Death toll rises to 6 after Israeli navy shoots Palestinian divers off Gaza

Israeli naval commandos seized an aid flotilla bound for the Gaza Strip on May 31, killing at least nine and wounding dozens, and sparking protests and condemnations around the world.
By Janine Zacharia
Tuesday, June 8, 2010; 4:19 PM

JERUSALEM -- The bodies of two more Palestinians, whom the Israeli navy shot dead at sea, washed up on the Gaza Strip's shore Tuesday, bringing the death toll from the incident to six.

On Monday, the Israeli navy fired on a group of Palestinians in wet suits who the Israeli military alleged were en route to carry out an attack inside Israel.

The divers were members of a violent affiliate of Palestinian President Mahmoud Abbas's Fatah party, known as the al-Aqsa Martyrs Brigade, a spokesman for one of the brigade divisions said. The spokesman for the group's Palestine division said the divers were on a training mission, unarmed and operating in shallow waters 250 meters from the Gaza coastline.

The Israeli military, in a brief statement, said its forces had fired upon "a squad of terrorists wearing diving suits on their way to execute a terror attack." The statement did not provide specifics of what was planned or say whether the divers had weapons.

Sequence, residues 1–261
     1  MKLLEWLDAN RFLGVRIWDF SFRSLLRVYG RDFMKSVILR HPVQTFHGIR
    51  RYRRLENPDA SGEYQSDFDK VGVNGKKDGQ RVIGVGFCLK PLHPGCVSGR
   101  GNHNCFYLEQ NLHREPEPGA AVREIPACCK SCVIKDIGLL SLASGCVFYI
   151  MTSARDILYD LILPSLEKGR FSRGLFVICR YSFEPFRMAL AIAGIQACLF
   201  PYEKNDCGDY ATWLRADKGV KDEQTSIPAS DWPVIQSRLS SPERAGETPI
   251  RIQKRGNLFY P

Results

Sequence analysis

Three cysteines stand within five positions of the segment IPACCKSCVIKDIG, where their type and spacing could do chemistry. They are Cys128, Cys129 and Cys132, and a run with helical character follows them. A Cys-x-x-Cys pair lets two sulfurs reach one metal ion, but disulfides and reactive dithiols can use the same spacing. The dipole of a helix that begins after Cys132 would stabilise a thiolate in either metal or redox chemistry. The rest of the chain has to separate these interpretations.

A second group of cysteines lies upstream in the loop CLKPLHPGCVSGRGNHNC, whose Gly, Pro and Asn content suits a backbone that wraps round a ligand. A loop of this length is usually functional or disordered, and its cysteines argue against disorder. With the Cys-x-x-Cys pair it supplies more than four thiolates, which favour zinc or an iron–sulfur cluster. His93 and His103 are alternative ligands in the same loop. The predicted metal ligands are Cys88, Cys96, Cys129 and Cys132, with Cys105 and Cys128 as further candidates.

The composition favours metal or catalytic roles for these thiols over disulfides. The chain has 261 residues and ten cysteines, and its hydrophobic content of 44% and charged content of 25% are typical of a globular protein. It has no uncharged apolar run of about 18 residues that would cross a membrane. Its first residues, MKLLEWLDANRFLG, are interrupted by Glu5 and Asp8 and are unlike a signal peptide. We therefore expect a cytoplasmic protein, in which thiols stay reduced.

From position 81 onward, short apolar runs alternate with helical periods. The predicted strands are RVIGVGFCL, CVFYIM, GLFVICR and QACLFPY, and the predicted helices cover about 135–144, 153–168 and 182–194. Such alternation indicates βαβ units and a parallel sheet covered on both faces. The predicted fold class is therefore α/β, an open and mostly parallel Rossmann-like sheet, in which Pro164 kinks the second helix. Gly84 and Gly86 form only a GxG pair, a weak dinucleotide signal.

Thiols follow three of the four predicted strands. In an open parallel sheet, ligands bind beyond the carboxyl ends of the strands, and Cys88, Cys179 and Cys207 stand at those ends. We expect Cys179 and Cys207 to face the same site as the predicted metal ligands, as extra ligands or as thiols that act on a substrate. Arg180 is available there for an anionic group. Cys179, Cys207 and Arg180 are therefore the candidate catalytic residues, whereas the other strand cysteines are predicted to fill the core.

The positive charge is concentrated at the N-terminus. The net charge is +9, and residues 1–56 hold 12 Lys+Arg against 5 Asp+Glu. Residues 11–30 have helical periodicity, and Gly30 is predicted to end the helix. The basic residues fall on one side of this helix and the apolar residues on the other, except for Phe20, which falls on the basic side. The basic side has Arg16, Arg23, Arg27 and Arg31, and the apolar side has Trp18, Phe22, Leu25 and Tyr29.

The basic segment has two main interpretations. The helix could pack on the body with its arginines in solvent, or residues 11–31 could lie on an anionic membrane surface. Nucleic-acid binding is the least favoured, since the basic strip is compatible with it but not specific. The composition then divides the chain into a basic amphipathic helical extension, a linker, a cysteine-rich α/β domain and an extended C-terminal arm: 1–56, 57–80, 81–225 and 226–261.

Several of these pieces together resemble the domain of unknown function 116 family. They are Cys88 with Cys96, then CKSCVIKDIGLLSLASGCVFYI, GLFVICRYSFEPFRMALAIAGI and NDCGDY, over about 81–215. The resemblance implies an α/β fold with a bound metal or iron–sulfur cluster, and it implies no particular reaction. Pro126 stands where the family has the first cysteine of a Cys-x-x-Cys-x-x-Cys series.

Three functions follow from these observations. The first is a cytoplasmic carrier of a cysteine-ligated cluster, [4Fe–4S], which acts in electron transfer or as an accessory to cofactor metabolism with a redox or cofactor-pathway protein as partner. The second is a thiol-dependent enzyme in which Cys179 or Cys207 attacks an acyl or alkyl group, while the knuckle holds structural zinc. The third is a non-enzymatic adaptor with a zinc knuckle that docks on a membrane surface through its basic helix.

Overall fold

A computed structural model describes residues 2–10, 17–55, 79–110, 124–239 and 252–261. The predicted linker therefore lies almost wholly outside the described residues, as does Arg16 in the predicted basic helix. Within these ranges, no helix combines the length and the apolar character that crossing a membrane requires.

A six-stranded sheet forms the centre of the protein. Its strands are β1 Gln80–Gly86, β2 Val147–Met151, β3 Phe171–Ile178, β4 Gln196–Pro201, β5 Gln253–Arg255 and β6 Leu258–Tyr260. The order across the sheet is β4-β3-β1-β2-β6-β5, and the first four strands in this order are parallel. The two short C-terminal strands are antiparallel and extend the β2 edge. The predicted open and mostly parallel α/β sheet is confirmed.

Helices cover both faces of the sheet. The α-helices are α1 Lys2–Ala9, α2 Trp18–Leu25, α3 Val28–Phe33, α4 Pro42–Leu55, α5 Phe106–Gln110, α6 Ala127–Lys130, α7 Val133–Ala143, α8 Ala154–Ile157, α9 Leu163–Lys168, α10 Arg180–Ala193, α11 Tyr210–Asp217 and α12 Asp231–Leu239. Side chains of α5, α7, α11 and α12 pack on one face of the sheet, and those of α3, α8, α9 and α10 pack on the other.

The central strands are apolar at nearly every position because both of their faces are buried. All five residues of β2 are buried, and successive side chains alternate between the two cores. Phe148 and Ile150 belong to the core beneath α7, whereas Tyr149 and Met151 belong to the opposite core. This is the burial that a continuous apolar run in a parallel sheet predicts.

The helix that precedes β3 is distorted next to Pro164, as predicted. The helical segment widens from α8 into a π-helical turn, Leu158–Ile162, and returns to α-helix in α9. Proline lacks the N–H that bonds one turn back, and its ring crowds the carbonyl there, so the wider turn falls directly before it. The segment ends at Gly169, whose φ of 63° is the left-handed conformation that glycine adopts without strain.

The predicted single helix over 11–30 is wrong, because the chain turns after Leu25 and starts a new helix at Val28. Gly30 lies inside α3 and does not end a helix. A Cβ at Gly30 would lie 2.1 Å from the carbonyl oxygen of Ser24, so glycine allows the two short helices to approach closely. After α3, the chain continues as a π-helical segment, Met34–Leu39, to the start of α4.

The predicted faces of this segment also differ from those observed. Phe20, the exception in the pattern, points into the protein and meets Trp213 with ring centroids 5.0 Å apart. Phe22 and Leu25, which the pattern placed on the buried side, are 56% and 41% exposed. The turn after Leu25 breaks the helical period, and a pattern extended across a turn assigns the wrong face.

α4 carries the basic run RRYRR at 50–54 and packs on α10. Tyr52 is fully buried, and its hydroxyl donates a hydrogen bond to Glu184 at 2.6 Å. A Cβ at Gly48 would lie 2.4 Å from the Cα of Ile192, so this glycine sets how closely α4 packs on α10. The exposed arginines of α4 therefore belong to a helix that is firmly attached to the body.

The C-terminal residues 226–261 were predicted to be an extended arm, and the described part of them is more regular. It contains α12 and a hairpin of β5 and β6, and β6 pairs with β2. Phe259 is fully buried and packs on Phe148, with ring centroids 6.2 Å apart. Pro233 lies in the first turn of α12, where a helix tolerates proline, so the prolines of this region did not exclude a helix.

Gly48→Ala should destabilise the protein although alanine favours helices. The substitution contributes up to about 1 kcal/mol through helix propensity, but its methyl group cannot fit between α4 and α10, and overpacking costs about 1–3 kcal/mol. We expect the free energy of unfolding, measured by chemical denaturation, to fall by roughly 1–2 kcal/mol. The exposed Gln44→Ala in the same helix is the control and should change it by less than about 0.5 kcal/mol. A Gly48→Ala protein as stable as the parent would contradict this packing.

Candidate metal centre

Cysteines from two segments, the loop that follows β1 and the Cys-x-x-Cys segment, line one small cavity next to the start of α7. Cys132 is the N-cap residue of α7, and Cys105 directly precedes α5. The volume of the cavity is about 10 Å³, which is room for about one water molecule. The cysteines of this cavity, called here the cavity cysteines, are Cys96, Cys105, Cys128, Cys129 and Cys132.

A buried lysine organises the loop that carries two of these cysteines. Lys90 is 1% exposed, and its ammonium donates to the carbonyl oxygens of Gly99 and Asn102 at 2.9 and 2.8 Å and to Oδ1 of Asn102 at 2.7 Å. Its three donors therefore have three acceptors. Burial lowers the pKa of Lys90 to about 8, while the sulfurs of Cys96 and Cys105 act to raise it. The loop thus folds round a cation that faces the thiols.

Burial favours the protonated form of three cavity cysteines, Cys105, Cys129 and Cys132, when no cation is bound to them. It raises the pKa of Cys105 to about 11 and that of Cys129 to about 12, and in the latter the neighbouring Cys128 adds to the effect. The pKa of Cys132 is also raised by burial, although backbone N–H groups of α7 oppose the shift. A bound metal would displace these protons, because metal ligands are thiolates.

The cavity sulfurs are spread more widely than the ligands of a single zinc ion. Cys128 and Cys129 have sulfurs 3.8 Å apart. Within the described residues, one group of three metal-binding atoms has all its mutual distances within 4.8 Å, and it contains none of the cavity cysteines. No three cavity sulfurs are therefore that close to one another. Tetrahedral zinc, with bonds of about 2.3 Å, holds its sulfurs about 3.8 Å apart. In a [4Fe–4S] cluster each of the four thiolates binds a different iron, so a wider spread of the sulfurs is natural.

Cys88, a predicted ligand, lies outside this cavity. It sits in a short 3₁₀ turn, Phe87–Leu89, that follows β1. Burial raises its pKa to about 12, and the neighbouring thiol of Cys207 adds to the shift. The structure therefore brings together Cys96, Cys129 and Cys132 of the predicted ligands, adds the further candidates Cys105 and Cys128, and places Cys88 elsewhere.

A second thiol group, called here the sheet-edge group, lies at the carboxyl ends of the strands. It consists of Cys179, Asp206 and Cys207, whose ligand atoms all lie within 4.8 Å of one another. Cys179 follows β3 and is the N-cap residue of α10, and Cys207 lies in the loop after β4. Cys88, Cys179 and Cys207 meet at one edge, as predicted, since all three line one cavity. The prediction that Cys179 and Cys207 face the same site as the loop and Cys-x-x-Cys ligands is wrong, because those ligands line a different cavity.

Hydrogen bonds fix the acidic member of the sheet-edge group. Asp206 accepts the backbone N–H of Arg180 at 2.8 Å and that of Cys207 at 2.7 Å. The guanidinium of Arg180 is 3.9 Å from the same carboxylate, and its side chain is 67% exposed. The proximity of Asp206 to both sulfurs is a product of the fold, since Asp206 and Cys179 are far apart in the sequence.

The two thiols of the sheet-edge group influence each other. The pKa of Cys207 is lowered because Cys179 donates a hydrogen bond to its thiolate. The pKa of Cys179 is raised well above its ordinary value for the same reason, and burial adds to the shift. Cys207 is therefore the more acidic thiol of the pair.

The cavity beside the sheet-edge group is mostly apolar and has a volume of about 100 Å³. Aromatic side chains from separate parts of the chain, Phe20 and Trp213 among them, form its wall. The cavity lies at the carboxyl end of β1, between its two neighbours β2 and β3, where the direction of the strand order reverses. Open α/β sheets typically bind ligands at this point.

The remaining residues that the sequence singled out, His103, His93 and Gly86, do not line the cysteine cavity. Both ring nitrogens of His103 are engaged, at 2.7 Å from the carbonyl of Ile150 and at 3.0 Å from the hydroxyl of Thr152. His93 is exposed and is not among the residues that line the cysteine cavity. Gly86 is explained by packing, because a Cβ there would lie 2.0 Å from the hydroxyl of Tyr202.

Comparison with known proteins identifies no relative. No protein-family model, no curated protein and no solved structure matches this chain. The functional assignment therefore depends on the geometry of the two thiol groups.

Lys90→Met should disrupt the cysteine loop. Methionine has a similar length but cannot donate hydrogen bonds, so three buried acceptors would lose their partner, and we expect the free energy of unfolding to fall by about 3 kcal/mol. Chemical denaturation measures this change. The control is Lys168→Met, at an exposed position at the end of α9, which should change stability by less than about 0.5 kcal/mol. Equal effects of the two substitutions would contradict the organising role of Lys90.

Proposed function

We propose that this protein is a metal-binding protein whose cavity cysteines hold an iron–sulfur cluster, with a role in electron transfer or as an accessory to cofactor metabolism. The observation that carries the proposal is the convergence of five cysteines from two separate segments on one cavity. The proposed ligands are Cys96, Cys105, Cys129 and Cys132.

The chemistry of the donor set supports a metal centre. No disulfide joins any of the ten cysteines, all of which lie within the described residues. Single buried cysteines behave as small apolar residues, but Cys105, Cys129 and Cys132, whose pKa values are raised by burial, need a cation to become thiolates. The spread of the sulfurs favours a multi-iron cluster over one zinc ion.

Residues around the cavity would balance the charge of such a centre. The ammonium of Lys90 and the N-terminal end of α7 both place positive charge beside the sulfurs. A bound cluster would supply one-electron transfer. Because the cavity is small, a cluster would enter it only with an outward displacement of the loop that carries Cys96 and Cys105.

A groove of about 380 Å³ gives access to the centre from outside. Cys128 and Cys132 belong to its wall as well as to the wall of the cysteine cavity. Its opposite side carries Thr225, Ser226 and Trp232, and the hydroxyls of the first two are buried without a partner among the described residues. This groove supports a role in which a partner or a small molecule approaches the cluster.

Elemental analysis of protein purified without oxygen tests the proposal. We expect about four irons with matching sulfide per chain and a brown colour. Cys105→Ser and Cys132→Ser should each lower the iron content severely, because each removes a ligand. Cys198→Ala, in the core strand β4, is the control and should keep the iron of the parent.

The incident comes as Israel remains under international pressure to lift its blockade on the Gaza Strip after the May 31 interception of an aid flotilla by the Israeli military in an operation that left nine activists dead. One of the dead was a U.S. citizen of Turkish descent, and the rest were citizens of Turkey, which has denounced the raid and responded by further distancing itself from Israel, a longtime ally.

The raid on the flotilla has drawn widespread criticism of Israel from around the globe and prompted the United States to urge Israel to reconsider its blockade of Gaza.

On Monday, Israel allowed jam, shaving razors and the Palestinian sweet halva into the enclave, and a Palestinian coordinating committee was told that spices including coriander and cardamom would be allowed in starting Thursday.

"What we're seeing is tinkering with the policy, and we're certainly pleased that jam is no longer considered a threat to Israeli security,'' said Sari Bashi, director of the Israeli non-governmental organization Gisha, which tracks movement and access problems faced by Gazans.

There was no sign of an easing of a ban on raw materials for construction.

Guy Inbar, a spokesman for the Israeli army, said that Israel does not maintain a master list of what is allowed into Gaza and what is prohibited and that whether or not certain products, such as spices, enter the strip depends on whether the Palestinians request them.

Also Monday, Vice President Biden traveled to Egypt and met with President Hosni Mubarak at the Red Sea resort city of Sharm El-Sheikh. The two discussed "new ways to address the humanitarian, economic, security and political aspects of the situation in Gaza," according to a White House statement.

In the statement, Biden called the current situation in Israel, the West Bank and the Gaza Strip "unsustainable for all sides," adding that it "is vital to make progress in the proximity talks between Israelis and Palestinians to enable the parties to move to direct negotiations as soon as possible."

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